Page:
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MD/TN Calls: More From TPMMuckraker

Topics: Push "Polls"

One last update (for tonight at least) on the "Push Poll" story we have been following today.  TPMMuckraker's Justin Rood reports tonight on an interview with Zeke Smith of Common Sense Ohio, "the man responsible" for the calls into Maryland and Tennesee, and similar efforts in Montana and Ohio.   In the interview, Smith confirmed that "his group uses a firm called ccAdvertising to make his calls," and offers a defense of their tactic.  Surprise, surprise: They don't consider it "push polling."

He defended his group's questions ("Do you want your taxes raised?"). "Push polls" are used to spread negative information about a candidate, and are rarely used to collect respondent's answers.

The questions used "accurate characterizations," Smith said, and insisted his group was legitimately engaged in "data collection."

"There are a fair number of things that are unpleasant to talk about," Smith said. "But that doesn't make [our questions] any less accurate."

Listen to the recording of one of the Tennessee calls provided by Tom Woods of the Nashville Post and come to your own conclusions about the accuracy of their characterizations.

And then consider that we are dealing with a new variant of high-tech push polling.  Like the push "polls" of old, there are no samples involved.  They contact as many households as possible (how many calls do you think they had to make to reach two lines in Tom Wood's residence?).  They use the guise of a public opinion poll to lure votres into listeing to the sort of distorted negative "messages" that benefiting campaigns will never publicly embrace.  And then they add a new twist:  As long as they cover it with the fig leaf of "data collection," all is legitmate.

Nonesense. This effort has nothing to do with research. It is about mass communication conducted under the false guise of a survey. Just listen to Gabriel Joseph of ccAdvertising talk about his services (as quoted by Daniel Schulman in Mother Jones):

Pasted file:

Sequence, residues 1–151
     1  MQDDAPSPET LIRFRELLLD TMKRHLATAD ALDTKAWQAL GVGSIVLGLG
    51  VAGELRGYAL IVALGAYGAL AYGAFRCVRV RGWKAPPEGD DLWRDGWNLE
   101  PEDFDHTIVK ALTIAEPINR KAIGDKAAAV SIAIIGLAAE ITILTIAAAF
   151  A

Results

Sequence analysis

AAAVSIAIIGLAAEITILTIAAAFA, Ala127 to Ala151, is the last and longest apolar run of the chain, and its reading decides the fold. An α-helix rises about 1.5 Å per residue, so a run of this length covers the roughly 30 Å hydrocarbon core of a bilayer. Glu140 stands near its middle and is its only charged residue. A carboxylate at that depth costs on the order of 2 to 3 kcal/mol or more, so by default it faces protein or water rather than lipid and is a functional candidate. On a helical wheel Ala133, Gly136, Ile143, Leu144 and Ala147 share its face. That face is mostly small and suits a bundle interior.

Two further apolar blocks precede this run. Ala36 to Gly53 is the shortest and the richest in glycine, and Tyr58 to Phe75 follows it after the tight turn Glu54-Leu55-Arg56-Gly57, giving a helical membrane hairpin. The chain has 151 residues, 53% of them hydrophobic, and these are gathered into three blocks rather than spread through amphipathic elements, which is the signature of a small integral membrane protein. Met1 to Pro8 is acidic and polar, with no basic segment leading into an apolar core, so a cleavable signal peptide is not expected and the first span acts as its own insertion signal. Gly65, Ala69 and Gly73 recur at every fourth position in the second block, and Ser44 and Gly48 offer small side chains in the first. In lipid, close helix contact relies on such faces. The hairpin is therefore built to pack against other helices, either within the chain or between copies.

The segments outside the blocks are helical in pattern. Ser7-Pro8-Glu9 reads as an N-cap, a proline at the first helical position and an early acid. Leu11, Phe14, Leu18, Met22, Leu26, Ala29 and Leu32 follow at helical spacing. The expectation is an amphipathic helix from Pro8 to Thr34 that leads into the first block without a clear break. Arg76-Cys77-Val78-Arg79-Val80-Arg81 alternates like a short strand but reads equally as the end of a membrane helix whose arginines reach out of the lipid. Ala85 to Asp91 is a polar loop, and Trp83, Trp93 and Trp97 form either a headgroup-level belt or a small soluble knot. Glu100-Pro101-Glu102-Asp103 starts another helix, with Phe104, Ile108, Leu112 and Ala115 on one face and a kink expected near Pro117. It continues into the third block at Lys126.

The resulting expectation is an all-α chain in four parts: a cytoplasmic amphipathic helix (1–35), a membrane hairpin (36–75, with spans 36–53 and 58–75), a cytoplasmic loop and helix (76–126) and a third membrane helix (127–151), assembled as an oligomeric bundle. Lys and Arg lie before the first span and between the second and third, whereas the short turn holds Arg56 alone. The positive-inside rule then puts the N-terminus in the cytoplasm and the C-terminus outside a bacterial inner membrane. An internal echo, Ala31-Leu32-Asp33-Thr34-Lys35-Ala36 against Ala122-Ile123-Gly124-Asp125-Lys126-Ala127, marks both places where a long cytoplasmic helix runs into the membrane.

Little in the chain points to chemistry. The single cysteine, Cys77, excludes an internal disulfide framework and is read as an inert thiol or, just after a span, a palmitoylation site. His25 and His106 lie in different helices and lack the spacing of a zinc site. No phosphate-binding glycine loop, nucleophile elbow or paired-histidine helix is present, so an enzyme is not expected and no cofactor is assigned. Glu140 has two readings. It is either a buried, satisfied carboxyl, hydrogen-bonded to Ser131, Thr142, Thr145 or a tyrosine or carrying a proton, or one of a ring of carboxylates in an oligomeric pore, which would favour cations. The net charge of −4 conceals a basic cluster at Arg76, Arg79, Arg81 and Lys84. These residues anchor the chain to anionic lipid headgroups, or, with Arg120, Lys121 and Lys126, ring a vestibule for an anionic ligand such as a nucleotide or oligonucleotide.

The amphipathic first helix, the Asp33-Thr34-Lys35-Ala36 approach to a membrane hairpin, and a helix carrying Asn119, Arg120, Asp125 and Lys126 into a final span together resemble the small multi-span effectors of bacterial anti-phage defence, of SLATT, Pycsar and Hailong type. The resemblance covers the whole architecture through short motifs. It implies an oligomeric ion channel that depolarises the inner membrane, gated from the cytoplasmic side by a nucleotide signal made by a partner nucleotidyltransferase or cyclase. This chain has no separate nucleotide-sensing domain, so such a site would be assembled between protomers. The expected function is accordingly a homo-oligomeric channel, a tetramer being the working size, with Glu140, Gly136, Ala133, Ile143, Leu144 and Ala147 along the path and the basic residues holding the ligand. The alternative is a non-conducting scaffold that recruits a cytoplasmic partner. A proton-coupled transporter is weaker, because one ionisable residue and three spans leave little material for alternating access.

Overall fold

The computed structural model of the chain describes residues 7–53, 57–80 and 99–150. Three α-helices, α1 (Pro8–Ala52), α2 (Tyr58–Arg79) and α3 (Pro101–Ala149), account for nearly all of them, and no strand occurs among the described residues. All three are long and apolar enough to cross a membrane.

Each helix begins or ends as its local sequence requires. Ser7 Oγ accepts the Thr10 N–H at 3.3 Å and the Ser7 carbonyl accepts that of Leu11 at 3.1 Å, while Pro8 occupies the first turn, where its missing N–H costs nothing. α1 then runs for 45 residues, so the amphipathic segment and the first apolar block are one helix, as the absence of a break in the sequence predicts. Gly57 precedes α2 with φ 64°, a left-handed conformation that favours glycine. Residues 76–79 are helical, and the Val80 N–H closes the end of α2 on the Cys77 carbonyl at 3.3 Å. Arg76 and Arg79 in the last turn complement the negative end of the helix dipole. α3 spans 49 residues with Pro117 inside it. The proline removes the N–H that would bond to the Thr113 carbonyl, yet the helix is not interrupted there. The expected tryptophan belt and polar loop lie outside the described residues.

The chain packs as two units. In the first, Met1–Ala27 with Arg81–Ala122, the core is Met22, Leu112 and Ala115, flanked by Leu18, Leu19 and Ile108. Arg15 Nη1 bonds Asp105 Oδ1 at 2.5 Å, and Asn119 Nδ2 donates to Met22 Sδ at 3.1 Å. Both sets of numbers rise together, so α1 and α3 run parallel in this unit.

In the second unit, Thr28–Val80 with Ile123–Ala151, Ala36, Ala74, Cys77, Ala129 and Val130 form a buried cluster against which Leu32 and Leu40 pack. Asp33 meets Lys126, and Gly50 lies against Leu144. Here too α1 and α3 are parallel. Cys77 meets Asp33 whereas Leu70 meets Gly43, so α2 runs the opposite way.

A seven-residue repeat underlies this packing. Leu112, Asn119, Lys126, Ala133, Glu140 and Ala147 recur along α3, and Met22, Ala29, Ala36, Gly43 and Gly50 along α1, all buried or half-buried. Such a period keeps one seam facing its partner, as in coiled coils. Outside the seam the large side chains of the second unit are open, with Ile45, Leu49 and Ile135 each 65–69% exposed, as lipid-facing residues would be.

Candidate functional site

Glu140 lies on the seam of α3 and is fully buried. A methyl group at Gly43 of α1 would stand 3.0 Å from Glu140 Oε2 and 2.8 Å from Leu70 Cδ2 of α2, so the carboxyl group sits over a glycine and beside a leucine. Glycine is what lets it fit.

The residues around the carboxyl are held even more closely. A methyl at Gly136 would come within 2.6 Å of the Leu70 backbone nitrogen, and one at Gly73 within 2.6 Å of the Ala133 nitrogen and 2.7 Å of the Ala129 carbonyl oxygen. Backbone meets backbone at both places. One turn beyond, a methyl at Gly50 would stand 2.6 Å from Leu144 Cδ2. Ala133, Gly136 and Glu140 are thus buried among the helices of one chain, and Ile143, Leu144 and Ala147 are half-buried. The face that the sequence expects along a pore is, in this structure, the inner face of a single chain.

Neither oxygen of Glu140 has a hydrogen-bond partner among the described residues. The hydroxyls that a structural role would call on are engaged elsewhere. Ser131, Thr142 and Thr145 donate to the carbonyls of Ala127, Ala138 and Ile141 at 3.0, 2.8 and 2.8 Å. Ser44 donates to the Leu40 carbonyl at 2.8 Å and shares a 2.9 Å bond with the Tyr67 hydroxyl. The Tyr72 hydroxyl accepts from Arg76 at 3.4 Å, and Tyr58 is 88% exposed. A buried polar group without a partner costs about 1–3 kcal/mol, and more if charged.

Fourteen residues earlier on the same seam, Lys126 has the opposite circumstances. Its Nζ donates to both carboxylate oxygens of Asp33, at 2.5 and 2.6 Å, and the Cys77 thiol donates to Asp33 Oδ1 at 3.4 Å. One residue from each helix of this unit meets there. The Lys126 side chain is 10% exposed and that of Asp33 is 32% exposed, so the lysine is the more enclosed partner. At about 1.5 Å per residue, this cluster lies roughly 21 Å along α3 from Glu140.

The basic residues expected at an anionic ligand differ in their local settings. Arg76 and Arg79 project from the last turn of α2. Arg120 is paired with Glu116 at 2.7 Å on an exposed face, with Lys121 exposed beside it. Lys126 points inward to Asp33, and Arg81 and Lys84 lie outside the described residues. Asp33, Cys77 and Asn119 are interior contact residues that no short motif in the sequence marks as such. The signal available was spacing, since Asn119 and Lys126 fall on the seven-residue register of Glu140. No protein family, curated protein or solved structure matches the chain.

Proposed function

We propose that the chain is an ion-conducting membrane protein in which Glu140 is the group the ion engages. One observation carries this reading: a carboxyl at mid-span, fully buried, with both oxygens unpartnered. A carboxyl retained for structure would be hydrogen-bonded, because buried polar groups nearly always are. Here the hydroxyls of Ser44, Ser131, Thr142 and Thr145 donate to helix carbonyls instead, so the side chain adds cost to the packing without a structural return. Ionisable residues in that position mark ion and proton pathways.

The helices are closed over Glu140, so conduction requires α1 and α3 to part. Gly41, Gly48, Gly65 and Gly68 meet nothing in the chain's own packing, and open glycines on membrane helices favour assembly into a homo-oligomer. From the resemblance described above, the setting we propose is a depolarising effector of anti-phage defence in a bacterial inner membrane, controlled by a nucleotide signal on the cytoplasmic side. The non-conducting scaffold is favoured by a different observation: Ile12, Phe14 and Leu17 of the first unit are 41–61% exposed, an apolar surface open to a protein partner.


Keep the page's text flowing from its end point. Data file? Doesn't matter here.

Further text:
"When you make 3 ½ million phone calls a day, we generally talk to more people than watch television, listen to the radio, or read the newspaper combined." He paused, then added quietly, "If someone writes something that I don't like, I can make their life—I can make them understand a few things if I choose."

 

Comments
JimB:

I got a push poll in my email yesterday. They aked a lot of q's that could only be answered one way.
I told them to f**k off.

____________________

I got this same call -- same issues, same wording -- last year in Virginia, in connection with the state legislative races. At that time, it was paid for by Grover Norquist's Americans for Tax Reform.

I got it again last week, paid for by "Survey 2006."

____________________

John Sully:

I got the Montana call 3 times! Answers:

1) Tester
2) Perhaps
3) No
4) Hell No!

____________________

bronx:

This story on epluribusmedia has information about the people behind this.

http://scoop.epluribusmedia.org/

____________________



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